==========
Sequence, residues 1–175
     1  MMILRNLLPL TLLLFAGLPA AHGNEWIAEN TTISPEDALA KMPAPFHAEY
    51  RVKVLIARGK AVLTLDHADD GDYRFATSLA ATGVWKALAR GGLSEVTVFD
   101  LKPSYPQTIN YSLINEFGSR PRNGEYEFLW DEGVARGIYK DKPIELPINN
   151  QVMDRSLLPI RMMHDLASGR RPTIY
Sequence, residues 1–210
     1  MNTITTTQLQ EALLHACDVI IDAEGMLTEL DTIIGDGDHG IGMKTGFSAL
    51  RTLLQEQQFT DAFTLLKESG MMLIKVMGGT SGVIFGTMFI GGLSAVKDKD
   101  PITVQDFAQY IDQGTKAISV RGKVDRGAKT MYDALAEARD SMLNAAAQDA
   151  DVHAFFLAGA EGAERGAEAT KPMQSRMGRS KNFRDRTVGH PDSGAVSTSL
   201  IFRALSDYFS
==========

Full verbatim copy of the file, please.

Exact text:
Sequence, residues 1–175
     1  MMILRNLLPL TLLLFAGLPA AHGNEWIAEN TTISPEDALA KMPAPFHAEY
    51  RVKVLIARGK AVLTLDHADD GDYRFATSLA ATGVWKALAR GGLSEVTVFD
   101  LKPSYPQTIN YSLINEFGSR PRNGEYEFLW DEGVARGIYK DKPIELPINN
   151  QVMDRSLLPI RMMHDLASGR RPTIY
Sequence, residues 1–210
     1  MNTITTTQLQ EALLHACDVI IDAEGMLTEL DTIIGDGDHG IGMKTGFSAL
    51  RTLLQEQQFT DAFTLLKESG MMLIKVMGGT SGVIFGTMFI GGLSAVKDKD
   101  PITVQDFAQY IDQGTKAISV RGKVDRGAKT MYDALAEARD SMLNAAAQDA
   151  DVHAFFLAGA EGAERGAEAT KPMQSRMGRS KNFRDRTVGH PDSGAVSTSL
   201  IFRALSDYFS